Project Review: The Not-So-Good Stuff
Unfortunately, even with some of it's goals accomplished, the identity is not effective because it is not a true identity. Identities should be unique, inviting, and void of error. Servaunt's new icon does not accomplish any of these basic characteristics of an identity.
It is difficult to make a single letter unique, then showcase it as an icon. Especially in today's volatile mark for "I like" and "I dislike," it is becoming increasingly popular to simply spotlight the name of a company. That is, of course, if the Brand Strategy allows it. Servaunt's name is unique. Though it is not a new word, it holds a new application of the word and presses the boundaries of nomenclature development. The "S," on the other hand, holds no uniqueness. Seeing the icon alone gives no communication; it becomes mute. In the world of identity development, no image should be mute. Every image should hold a unique message, distinct purpose, and personal characteristics.
Servaunt's identity has no clear invitation toward the company. An invitation is usually modeled from an identity's uniqueness. Of course, since Servaunt's icon has no unique characteristics it is impossible for it to produce an invitation. The image should welcome onlookers into the world of Servaunt. It should peak curiousity about the company, and the services and/or products it provides. As a tool for first impression, the logo is not open to building relationships between Servaunt and the client.
Lastly, there are errors in Servaunt's logo. Follow the "S" around, and pay close attention. You will begin to note certain points (literally, for those accustom to the Pen Tool) that are off balance. The fault triggers edges to look distorted, and breaks the "S" out of alignment with itself. This, among other faults, portrays the identity as cheap. It shows that the designer (in this case, me) was careless toward the project. Each identity should represent the company (no matter how bad the actual company may be) through a professional and top-quality process rendering industry-par results.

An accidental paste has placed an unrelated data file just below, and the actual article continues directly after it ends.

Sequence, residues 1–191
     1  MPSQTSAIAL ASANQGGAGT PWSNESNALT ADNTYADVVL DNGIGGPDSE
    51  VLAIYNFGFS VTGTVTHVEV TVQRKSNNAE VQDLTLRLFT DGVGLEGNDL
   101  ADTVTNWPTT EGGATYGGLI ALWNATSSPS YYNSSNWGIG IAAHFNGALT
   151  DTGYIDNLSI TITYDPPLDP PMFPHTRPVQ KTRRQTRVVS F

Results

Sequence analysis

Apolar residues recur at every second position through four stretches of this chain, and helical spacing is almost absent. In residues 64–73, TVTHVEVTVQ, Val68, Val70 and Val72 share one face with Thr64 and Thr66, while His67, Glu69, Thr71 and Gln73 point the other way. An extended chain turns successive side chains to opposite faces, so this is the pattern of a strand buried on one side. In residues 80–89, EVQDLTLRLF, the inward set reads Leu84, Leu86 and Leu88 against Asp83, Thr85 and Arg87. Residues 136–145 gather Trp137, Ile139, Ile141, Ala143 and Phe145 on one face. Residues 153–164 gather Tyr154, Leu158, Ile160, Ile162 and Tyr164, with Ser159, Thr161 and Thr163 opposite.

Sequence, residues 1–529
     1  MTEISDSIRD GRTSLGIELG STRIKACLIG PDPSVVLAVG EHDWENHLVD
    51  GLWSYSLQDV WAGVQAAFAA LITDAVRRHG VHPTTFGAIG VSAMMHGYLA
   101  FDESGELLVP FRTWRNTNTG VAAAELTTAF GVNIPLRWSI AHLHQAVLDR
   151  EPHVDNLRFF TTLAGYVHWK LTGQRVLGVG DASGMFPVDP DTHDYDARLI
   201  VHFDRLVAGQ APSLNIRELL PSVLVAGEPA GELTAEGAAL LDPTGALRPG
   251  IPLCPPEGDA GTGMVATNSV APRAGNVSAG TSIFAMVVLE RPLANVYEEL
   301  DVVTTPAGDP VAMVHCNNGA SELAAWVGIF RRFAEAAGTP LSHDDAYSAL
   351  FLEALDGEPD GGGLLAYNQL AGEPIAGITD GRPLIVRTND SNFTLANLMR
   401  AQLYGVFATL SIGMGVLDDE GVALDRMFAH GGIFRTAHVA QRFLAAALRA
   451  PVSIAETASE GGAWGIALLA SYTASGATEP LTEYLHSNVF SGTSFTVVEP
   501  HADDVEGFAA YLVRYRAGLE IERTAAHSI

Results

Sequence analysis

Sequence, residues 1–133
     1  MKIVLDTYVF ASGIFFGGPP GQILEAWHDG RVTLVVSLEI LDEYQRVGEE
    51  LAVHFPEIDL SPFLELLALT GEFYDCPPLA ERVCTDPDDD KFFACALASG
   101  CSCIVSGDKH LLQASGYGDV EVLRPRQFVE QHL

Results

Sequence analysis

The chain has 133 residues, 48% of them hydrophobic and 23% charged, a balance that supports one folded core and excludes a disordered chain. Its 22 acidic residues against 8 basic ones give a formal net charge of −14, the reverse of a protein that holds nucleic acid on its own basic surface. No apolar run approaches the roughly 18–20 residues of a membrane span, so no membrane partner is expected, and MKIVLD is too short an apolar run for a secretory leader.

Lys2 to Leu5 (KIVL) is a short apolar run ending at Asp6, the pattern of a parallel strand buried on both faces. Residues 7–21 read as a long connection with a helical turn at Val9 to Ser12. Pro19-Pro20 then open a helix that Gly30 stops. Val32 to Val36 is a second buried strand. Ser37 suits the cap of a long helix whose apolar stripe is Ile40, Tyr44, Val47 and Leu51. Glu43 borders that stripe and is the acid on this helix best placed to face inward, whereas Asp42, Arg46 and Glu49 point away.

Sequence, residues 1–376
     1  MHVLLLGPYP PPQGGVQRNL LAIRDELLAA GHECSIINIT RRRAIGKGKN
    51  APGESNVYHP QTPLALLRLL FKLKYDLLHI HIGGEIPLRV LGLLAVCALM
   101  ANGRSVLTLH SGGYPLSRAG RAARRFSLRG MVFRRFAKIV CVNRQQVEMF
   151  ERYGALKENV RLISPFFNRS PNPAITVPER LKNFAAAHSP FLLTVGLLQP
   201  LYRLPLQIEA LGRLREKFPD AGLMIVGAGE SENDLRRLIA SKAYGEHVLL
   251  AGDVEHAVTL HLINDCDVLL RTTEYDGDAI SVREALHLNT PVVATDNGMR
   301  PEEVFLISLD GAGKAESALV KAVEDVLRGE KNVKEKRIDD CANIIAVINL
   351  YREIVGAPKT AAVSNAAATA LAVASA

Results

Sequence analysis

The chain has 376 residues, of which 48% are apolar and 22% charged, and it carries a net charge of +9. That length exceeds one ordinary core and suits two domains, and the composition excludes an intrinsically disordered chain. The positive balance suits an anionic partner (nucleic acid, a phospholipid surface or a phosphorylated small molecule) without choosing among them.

Suggestions for "Rebirth"
If I were commisioned to redo this identity, I would first help to develop a Brand Strategy. That way, the security of the identity's look can be chanelled through all venues of company-client/company-company communication. Furthermore, I would focus on the company's name. As previously mentioned, it is very unique. If the client still wanted to showcase the "S," I would recommend, as part of a Brand Strategy, that the icon be used as a compliment until the name was better known and associated. The color is too "Cingular" or "Vonage." Those two companies have nearly trademarked that color. I would go for a softer orange, or go for distinct color combination. Also, perhaps I would use a gradient as a combination, instead of just solid colors. If I was charged to redevelop, my goal would be to essentially create a new identity that is different from the current, while at the same time matching and improving on the industry's standards.
Note to Moderator: I did not see the Polls option.